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Opinion: Downtown Ballpark Talks Get Foul

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2 minute read

Mayor Quinton Lucas was right last week when he said whoever leaked the misleading Jackson County internal memo to The Star about the long-term (40 years) financial implications of the proposed downtown Royals ballpark is trying to sabotage negotiations:

“Yesterday, there was a leak which said county estimated new stadium is between $4B and $6B. Seemed unrealistic and a sign to some, me included, of bad faith negotiation.

“Given the same county folks are negotiating with Chiefs, I’m concerned current tactics could lose both teams,” Lucas said on X aka Twitter.

It’s no secret there’s little love lost between County Executive Frank White and the Royals.

These ballpark lease negotiations should have started in earnest several months ago, and now White and his advisors are trying to change the foundation of the public financing that supported the renovation and maintenance of the Truman Sports Complex, the 3/8th cent county sales tax.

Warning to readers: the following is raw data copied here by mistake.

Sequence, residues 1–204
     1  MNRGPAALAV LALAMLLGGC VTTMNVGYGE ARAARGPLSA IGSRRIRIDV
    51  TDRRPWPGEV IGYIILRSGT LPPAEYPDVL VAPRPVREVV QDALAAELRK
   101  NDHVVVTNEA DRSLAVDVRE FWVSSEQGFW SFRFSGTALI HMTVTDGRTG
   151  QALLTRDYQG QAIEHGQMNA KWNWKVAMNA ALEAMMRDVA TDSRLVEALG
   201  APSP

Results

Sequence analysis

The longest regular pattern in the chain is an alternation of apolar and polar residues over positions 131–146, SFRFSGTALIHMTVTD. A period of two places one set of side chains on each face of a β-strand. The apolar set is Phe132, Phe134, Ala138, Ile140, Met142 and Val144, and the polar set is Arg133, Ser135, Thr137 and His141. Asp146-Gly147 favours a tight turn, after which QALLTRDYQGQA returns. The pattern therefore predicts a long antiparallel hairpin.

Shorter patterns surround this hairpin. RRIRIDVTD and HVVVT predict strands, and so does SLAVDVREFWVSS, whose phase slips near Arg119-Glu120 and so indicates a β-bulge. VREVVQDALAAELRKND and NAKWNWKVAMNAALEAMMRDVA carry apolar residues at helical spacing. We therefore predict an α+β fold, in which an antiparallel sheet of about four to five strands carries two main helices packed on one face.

Sources say White doesn’t want the Royals and Chiefs to evenly split the 3/8th cent as they’ve done since the stadiums were renovated in 2006. He wants to reduce that amount so each team would receive one-third of that tax and the county keep the remaining third.

A rendering of the proposed East Village ballpark and surrounding development in downtown Kansas City. (Rendering by Populous)

To push that concept, a county memo was prepared that calculated the potential total amount the sales tax would raise over 40 years.

Many people are interpreting that leaked document to mean the cost of the stadium has gone up substantially as noted by the mayor. The Royals insist it’s still the $1 billion they originally stated and the county sales tax would pay $350 million toward its construction.

To look at the 40-year cost of a project as opposed to its upfront cost is roughly the equivalent of calculating the purchase price of a house based on how much you’ll wind up paying on its 30-year mortgage.

It’s like considering a $400,000 house and dropping the idea because it would cost a million-plus dollars when you add up all your monthly payments and other associated costs over 30 years.

What’s also concerning is if Jackson County winds up messing this up, it’s far from a sure thing the Royals could take up the North Kansas City offer.

That deal relies on Clay County voters approving a significant new sales tax which would be a tough sell.

For the first time, there’s a slight crack in the door to the Royals potentially leaving KC for more lucrative, MLB-free metros such as Nashville, Charlotte and Austin.

Not panicking yet, and I know from experience that negotiations can be messy during the “sausage-making” process, but at this point, we can agree the talks are far from going smoothly.

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